Under Minnesota law, a plaintiff claiming a failure to warn
Tuttle v. Lorillard Tobacco Co., 377
F.3d 917, 924 (8th Cir. 2004) (applying Minnesota law).
Minnesota law, Mrs. Chock must show that a different warning or
an accurate disclosure of the risks of ObTape would have made a
difference in her treatment.
There must be some evidence that
the product user (or, in cases like this one where the learned
intermediary doctrine applies, the product user’s doctor) “would
have acted differently had the manufacturers provided adequate
Mentor argues that Mrs. Chock cannot establish a failure to
warn claim because Mrs. Chock did not suffer the precise type of
injury she claims Dr. Keller should have been warned about, such
as an erosion or an infection.
But Mrs. Chock does contend that
Dr. Keller was not adequately warned of the risk of recurrent
related to her ObTape.
As discussed above, Mrs. Chock’s expert
witnesses opined that ObTape’s physical characteristics make it
problems; the same characteristics that can cause erosions can
also result in infections like the ones Mrs. Chock experienced.
Mrs. Chock pointed to evidence that Dr. Keller reviewed
sheet, before he began using ObTape.
Mrs. Chock also presented
evidence that if Mentor had provided Dr. Keller with accurate
information about ObTape’s pore size and its risks, Dr. Keller
may have considered a different product for Mrs. Chock and at
least would have sought informed consent from Mrs. Chock.
Mrs. Chock presented evidence if Dr. Keller had sought informed
consent from her based on ObTape’s true risks, Mrs. Chock would
sufficient to create a genuine fact dispute on causation for
Mrs. Chock’s failure to warn claims. Mentor is therefore not
entitled to summary judgment on these claims.
III. Plaintiffs’ Motion to Add Punitive Damages Claim
Plaintiffs seek leave to add a claim for punitive damages.
plaintiff must establish by “clear and convincing evidence that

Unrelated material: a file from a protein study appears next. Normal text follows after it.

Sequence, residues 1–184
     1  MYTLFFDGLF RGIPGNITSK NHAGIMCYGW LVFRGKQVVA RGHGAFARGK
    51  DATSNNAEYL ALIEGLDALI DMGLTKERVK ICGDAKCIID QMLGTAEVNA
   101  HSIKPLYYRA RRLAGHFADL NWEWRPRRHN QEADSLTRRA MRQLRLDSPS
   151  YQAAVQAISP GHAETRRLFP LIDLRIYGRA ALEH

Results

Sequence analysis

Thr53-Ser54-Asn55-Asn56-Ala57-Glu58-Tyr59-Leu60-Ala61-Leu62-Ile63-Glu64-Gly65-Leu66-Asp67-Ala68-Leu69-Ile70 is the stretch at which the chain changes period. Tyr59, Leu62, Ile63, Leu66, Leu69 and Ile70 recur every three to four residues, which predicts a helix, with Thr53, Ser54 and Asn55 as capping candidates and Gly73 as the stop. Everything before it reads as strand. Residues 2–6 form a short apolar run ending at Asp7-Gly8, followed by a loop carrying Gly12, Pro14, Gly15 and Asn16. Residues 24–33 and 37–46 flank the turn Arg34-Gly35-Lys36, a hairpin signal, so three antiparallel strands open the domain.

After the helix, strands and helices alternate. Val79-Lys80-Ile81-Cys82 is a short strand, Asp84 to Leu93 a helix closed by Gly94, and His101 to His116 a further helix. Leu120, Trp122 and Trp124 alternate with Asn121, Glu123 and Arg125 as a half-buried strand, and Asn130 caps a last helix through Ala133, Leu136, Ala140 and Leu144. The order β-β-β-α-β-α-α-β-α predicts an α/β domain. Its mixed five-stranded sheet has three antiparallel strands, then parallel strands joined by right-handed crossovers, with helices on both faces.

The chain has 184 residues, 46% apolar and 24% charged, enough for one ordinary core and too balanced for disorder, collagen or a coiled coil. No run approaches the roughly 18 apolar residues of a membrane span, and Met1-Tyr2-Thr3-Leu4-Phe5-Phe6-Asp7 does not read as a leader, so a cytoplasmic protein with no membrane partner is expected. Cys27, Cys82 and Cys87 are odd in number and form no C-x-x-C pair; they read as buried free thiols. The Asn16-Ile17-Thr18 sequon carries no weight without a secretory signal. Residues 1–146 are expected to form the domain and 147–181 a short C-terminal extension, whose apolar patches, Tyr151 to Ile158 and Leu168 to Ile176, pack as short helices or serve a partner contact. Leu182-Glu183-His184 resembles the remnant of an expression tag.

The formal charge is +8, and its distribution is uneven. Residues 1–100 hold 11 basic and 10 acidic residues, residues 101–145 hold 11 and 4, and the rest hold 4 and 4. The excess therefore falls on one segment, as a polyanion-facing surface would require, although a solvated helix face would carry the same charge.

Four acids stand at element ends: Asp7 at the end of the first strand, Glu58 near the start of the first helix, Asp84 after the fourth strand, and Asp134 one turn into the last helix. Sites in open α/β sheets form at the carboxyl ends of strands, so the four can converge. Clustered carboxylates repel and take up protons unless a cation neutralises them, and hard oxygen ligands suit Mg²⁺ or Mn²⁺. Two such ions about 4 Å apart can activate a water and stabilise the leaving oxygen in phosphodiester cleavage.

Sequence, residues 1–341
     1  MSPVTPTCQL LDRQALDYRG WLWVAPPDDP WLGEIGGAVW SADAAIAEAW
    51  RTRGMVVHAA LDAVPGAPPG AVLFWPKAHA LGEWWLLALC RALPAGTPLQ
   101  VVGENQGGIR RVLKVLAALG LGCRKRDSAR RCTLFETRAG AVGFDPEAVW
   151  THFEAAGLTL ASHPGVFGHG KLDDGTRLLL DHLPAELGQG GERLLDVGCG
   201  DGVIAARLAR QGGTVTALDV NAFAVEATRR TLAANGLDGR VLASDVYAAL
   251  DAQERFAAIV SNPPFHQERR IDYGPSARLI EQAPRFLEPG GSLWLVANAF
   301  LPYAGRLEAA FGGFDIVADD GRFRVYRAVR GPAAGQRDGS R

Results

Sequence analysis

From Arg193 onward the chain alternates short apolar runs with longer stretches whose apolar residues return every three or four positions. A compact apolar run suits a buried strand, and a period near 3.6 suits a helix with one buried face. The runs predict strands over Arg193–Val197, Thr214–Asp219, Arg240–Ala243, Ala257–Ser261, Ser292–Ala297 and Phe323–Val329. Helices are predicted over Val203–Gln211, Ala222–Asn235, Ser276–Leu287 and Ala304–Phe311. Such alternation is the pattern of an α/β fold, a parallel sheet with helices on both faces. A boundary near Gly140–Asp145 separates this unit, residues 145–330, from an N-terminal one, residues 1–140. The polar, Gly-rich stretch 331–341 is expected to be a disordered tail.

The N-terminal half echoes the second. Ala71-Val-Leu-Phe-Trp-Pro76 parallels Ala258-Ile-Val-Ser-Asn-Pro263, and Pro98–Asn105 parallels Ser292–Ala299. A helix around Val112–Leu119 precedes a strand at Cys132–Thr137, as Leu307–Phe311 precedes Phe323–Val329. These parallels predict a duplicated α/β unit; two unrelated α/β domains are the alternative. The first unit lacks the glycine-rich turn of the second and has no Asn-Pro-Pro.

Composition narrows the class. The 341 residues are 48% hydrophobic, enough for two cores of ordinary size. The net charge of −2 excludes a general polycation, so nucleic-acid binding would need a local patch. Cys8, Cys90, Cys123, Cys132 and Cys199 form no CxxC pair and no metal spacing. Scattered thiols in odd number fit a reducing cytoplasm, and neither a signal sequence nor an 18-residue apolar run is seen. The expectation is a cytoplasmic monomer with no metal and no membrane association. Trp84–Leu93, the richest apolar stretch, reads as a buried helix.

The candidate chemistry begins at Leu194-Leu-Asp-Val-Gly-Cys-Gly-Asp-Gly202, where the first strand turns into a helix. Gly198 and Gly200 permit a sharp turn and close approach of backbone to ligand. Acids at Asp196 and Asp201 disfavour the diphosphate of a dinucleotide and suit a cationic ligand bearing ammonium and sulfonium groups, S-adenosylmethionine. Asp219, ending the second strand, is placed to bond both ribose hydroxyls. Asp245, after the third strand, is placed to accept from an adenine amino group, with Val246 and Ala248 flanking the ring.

the acts of the defendant show deliberate disregard for the
rights or safety of others.”
Minn. Stat. Ann. § 549.20 subd.
A plaintiff may not seek punitive damages in her initial
Id. § 549.191.
Rather, “[a]fter filing the suit a
party may make a motion to amend the pleadings to claim punitive
“The motion must allege the applicable legal
[Minn. Stat. Ann. § ]
549.20 . . . for awarding
punitive damages in the action and must be accompanied by one or
more affidavits showing the factual basis for the claim.”
“The Court must give the plaintiff leave to add a claim for
punitive damages if it finds that the plaintiff provides prima
facie evidence in support of the motion [to amend].”
Prestige Capital Markets, Ltd., 944 F. Supp. 2d 702, 711 (D.
Minn. 2013) (citing Swanlund v. Shimano Indus. Corp., 459 N.W.2d
151, 154 (Minn. Ct. App. 1990)).
Based on the Court’s review of Plaintiffs’ motion, which is
supported by an affidavit and eighty-one exhibits—most of which
detail the information that was available to Mentor regarding
motion for leave to file an amended
complaint to add a claim for punitive damages (ECF No. 32 in
4:14-cv-99) is therefore granted.
As discussed above, Mentor’s summary judgment motion (ECF
No. 30 in 4:14-cv-99) is granted as to Mrs. Chock’s warranty
complaint to add a claim for punitive damages (ECF No. 32 in
4:14-cv-99) is granted.
This action is ready for trial.
seven days of the date of this Order, the parties shall notify
the Court whether they agree to a Lexecon waiver.
IT IS SO ORDERED, this 19th day of December, 2016.
S/Clay D. Land
CLAY D. LAND
CHIEF U.S. DISTRICT COURT JUDGE
MIDDLE DISTRICT OF GEORGIA